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The Uniform Doman Name Dispute Resolution Policy
(UDRP) celebrates its 10th anniversary this year at a
time when the entire domain name system is on the
cusp of change. Now seems the perfect moment to
reflect on the achievements of the UDRP over the past
10 years and to assess the challenges that lie ahead for
trademark owners as the Internet opens up to new
generic top-level domains (gTLDs). In this two-part
special, domain name experts from Silverberg Goldman
& Bikoff first provide a detailed analysis of landmark
rulings issued under the UDRP since its creation; WTR’s
Adam Smith then examines the latest controversy
surrounding the expansion of the gTLD space.
A review of the UDRP’s defining characteristics and key
decisions is in order as the policy prepares to celebrate
its 10th anniversary at a time of intense speculation
regarding the future direction of the Internet
Innovations appear online daily. The next big thing
will undoubtedly be the expansion of the generic
top-level domain space next year, but brand owners
fear that the step could undermine their rights.
WTR joins the debate
In the current economic climate is defensive
registration a proactive means of securing
protection for global brands or a risky venture in
light of well-established use requirements?
On May 19 2009 WTR announced the winners
of its third Industry Awards at a ceremony in
Seattle. The awards are designed to recognize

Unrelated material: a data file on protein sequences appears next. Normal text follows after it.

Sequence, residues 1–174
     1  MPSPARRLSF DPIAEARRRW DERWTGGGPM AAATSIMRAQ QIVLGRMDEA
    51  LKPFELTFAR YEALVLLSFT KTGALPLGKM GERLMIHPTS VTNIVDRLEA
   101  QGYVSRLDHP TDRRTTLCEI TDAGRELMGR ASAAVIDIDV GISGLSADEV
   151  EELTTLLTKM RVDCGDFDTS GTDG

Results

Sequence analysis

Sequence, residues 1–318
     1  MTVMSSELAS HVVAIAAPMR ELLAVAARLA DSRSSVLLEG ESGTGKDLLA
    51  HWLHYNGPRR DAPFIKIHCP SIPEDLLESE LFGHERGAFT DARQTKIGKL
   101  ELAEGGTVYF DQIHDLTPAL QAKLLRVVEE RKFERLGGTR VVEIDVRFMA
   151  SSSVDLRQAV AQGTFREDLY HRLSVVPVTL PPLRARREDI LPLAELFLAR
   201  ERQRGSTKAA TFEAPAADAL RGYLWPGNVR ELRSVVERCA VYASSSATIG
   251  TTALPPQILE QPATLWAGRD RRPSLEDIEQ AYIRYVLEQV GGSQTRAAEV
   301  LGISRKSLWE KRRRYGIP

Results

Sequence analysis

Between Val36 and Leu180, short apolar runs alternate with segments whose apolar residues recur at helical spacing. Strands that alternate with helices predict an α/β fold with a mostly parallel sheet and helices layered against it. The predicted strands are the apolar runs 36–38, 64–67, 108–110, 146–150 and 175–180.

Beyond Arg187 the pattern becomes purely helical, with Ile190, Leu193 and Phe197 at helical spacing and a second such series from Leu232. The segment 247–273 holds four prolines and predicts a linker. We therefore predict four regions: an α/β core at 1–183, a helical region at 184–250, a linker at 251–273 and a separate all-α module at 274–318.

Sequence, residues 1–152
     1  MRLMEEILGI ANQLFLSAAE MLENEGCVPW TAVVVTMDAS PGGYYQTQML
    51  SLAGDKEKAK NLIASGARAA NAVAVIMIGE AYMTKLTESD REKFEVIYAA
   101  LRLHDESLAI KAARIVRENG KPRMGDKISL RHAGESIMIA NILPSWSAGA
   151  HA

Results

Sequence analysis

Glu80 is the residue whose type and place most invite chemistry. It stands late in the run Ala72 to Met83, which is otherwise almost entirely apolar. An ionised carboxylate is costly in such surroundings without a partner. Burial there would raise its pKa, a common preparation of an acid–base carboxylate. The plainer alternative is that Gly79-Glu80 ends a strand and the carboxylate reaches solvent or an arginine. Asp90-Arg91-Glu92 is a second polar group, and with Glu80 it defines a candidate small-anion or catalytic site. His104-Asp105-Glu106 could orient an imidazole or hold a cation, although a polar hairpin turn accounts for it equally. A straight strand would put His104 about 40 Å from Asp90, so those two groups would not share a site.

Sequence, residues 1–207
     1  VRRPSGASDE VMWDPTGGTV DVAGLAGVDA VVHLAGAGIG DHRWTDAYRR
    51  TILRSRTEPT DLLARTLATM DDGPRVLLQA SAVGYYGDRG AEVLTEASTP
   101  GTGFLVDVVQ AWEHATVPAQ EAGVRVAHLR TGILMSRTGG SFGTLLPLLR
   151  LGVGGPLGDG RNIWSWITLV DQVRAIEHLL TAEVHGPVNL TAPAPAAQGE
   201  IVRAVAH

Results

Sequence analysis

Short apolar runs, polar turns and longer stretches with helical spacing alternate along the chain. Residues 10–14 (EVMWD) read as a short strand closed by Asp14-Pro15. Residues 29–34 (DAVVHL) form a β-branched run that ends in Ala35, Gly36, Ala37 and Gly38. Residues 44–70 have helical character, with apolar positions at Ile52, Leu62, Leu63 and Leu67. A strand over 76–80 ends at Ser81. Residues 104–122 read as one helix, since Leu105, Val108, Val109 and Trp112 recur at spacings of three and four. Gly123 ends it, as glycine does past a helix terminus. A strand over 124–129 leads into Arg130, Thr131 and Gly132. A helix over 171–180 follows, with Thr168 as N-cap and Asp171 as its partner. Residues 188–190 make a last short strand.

the vital work done by in-house trademark
counsel, and identify the teams and individuals
that are performing their functions to the
highest possible standards. The following pages
feature profiles of the winners
Over 150 senior IP professionals attended the third
WTR Industry Awards (www.Industry-Awards.com)
at the stylish Greg Kucera Gallery in Seattle on
May 19 2009. Representatives from the nominated
teams mingled with leading private practice lawyers
at the exclusive champagne reception in honour
of the world’s top in-house trademark counsel.
WTR wishes to thank all nominees and sponsors
for helping to make the Industry Awards 2009 such
a successful event.
The International Trademark Association’s (INTA) annual meeting is
still the most important – and busiest – event in the trademark
community’s calendar. This year the conference returned to Seattle
for the “greenest annual meeting” ever, as Katrina Burchell, head of
trademarks at Unilever and co-chair of the meeting, explained at the
opening ceremony. “We live in a competitive world,” Burchell said.
“Trademarks are key to winning that battle, so brands are jumping
on the environmental bandwagon.” INTA leapt on board too this
year, with its special theme of corporate social responsibility. In this
section, WTR looks at some of the meeting’s many highlights, so
numerous that one delegate said she was “too busy to sleep!”.
The global downturn and changes to domestic practice
and procedure have altered Spain's prosecution and
enforcement landscape significantly. WTR takes a
detailed look at the effects on the Spanish legal market
The laches defence can prove an effective weapon for
striking out a trademark infringement claim in the
United States. However, a controversial ruling from
the Ninth Circuit may have served to raise the
evidentiary burden placed on defendants
With demand for luxury goods tumbling, many brand
owners are looking to licensing as a means of boosting
income. A recent decision from the ECJ could help
them maintain a firmer grip on their rights
Among the top 10 cases of the year selected by the
Chinese People’s Supreme Court, five were of key
significance to trademark owners. The selection
criteria left many puzzled, but a new analysis shows
that each decision is remarkable in its own way
Cosmetics giant L’Oréal was
involved in three eagerly
awaited decisions from courts
in Europe in the past few weeks
– but with mixed results.
The US Court of Appeals for the
Second Circuit has ruled that
unique product codes (UPC) are
protected under trademark law
(Zino Davidoff SA v CVS
Corporation (Case 07-2872-cv,